LAHORE: “Section 89 of the Pakistan Penal Code (PPC) provides a valid ‘defence’ to care-givers of children when they employ mild to moderate punishments,” said Rashid Aziz while addressing a forum, Tackling Corporal Punishment, organised by the Society for the Protection of the Rights of the Child (SPARC) on Wednesday.
Rashid Aziz, who is the national manager of the Legal Advisory Unit at SPARC, said that 19 countries had completely prohibited any form of corporal punishment. “While corporal punishment is thought to be most prevalent in madrassas, children are also subjected to it at private schools and homes,” he said.
Pakistan is a signatory to the United Nations Convention on the Rights of the Child, with Articles 19, 28 and 37 explicitly making the state responsible for protecting the child from any physical or mental abuse, torture or degrading punishment while maintaining the child’s dignity. The PPC, however, provides parents or guardians the leeway to employ mild punishments as a tool for ‘disciplining’.
Section 89 of the PPC 1860 allows ‘mild’ to ‘moderate’ degree of corporal punishment to a child under the age of 12 by any person with the implied or express consent of the guardian or any other person having lawful charge of the child.
Elaborating on Section 35 of the Punjab Destitute & Neglected Children (PDNC) Act 2004, Aziz said it exempted parents from any liability with regards to inflicting corporal punishment on their children. Section 35 of the PDNC 2004 states that anyone, ‘except the parent’, who has charge of the child and ill-treats the child in a manner which causes mental or physical suffering, shall be punished through imprisonment and/or a fine.
“Is a child property or does he enjoy the privilege of being a respectful citizen?” said Iftikhar Mubarak, programme manager of SPARC’s Violence against Children programme. He said the Punjab government had side stepped the issue by claiming that the amendment of criminal laws falls under federal jurisdiction. Education Department Academic Deputy Secretary Zahid Mehmood said all complaints are duly entertained. He added that after a thorough investigation due action is taken.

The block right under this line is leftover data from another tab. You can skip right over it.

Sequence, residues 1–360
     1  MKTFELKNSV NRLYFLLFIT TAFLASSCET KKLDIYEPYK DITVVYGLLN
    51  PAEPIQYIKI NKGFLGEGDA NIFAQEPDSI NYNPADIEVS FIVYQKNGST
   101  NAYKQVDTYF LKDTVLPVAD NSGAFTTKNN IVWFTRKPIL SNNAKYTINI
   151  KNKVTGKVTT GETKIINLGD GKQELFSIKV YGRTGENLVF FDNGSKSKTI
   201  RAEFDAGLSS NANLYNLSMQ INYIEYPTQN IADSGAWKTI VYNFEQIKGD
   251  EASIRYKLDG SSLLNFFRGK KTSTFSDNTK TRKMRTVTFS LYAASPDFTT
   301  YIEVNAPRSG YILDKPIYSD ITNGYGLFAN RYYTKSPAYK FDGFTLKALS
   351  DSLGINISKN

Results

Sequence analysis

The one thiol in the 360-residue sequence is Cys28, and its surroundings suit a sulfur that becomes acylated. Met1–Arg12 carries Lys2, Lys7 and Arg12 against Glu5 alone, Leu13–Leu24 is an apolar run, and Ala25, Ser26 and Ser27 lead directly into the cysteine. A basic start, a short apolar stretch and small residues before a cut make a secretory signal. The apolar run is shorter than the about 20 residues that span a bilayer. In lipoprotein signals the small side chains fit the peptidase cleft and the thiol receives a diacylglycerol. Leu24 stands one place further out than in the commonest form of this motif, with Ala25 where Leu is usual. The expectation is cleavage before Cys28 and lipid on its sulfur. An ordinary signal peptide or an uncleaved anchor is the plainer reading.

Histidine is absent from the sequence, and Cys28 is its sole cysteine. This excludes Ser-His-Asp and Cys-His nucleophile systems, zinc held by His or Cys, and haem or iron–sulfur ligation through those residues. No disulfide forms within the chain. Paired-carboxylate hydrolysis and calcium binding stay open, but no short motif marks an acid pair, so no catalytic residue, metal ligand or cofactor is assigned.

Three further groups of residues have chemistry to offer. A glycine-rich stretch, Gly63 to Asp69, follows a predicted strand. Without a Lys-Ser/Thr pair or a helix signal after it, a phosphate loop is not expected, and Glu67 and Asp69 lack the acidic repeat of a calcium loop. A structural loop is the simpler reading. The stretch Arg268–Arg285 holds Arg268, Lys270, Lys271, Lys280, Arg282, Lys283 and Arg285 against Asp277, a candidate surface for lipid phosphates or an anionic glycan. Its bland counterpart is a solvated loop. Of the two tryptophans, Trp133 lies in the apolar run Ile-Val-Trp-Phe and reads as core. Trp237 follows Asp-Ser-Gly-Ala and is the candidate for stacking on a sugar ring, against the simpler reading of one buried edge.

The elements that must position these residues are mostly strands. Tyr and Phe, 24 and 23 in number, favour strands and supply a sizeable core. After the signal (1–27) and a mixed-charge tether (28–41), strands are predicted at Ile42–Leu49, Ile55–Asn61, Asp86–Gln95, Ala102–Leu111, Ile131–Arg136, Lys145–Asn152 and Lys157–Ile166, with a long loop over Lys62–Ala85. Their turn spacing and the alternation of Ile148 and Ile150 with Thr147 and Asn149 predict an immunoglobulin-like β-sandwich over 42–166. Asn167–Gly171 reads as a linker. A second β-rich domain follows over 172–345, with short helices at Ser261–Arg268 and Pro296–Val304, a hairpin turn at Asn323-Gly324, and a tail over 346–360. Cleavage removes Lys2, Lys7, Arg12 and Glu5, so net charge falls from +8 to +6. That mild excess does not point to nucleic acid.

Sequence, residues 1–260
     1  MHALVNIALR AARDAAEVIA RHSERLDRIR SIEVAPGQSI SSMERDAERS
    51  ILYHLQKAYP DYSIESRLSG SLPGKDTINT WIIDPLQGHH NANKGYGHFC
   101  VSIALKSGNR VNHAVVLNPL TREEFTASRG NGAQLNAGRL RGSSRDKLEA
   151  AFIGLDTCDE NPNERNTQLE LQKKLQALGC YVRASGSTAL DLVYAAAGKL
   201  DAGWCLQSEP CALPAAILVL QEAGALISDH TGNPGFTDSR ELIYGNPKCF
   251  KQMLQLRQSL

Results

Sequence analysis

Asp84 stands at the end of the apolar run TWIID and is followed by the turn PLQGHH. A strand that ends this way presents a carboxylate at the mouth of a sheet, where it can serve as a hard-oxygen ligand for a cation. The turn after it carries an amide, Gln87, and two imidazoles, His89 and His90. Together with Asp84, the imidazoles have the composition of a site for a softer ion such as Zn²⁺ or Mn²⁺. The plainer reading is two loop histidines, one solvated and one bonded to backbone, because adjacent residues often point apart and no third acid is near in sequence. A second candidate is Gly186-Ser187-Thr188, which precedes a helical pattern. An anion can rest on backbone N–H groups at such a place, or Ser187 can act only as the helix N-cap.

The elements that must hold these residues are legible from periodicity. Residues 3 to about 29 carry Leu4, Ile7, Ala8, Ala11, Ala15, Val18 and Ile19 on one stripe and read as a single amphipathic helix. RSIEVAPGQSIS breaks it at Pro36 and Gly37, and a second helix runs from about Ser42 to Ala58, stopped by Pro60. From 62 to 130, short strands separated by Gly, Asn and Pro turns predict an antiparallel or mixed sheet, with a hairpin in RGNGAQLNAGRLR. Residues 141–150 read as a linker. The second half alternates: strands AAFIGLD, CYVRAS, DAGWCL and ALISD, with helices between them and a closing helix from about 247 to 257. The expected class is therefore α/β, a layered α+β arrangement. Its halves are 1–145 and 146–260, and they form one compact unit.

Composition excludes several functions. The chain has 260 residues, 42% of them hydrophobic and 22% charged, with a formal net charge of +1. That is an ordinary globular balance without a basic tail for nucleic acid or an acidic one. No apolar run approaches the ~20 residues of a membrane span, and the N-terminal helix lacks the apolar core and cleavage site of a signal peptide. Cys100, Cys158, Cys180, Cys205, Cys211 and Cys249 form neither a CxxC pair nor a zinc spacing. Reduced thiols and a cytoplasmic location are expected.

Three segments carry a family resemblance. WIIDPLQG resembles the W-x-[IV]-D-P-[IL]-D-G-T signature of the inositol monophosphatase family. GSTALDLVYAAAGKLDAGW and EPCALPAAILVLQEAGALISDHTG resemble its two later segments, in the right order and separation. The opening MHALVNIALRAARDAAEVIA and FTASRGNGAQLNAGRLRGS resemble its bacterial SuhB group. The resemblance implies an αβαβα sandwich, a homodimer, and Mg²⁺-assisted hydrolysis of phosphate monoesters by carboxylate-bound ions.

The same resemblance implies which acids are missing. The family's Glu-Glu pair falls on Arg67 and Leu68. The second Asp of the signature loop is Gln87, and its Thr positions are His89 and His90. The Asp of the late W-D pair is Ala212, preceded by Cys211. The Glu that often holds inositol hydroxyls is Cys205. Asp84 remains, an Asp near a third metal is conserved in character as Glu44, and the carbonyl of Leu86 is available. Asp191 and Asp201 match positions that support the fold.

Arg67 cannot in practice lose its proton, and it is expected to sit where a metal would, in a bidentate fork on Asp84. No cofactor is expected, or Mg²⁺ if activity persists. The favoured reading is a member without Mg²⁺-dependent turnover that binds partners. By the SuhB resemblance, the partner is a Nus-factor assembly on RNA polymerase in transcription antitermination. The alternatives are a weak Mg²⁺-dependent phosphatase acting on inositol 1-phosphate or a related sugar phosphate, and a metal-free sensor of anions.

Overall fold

The Juvenile Justice System Ordinance completely prohibits corporal punishment of children in detention. According to the Child Protection and Welfare Bureau (CPWB), more than 12,000 children have been rescued from 2005 to 2011 and enrolled in Child Protection Schools of the CPWB, which provide free primary education and legal protection to these children. The Bureau has also proposed that corporal punishment be abolished in all forms under the PPC 1860. The proposed amendment states that whoever inflicts or permits corporal punishment on a child under any circumstance for any purpose, should be punished. Pehchaan, an NGO working for the rights of children, president Dr Naeem Zafar said, “Punishing a child just because the adult is under mental stress is no justification and should not be considered as one.” Dr Zafar added that there have been several cases brought to his notice in which corporal punishment lead to sexual abuse and sexual exploitation of a child.
“There is no explicit definition of ‘mild’ or ‘moderate’ punishment,” he said, adding that while cases get reported, there is no prosecution because the law cannot be considered broken in the absence of explicit definitions of these terms.
Hameed Nizami Press Institute director Absar Abdul Ali argued that while teachers and parents should be educated against corporal punishments for disciplining children, a lot of focus needs to be on the ‘domestic setting’ of the household.
“Any punishment that undermines the self respect of a child has to be strictly prohibited since it causes devastating effects on the child’s personality,” Ali said.
Published in The Express Tribune, December 22nd, 2011.
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